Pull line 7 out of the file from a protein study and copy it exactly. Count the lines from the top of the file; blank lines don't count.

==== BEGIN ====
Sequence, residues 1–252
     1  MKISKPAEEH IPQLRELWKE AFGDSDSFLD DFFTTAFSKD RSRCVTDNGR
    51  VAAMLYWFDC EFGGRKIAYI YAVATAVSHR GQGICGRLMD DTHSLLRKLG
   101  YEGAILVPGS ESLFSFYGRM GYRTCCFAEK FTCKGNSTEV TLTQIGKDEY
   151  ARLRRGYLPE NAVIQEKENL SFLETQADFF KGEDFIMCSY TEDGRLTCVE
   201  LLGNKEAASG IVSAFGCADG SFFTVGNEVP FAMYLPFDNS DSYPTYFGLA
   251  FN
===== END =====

   251  FN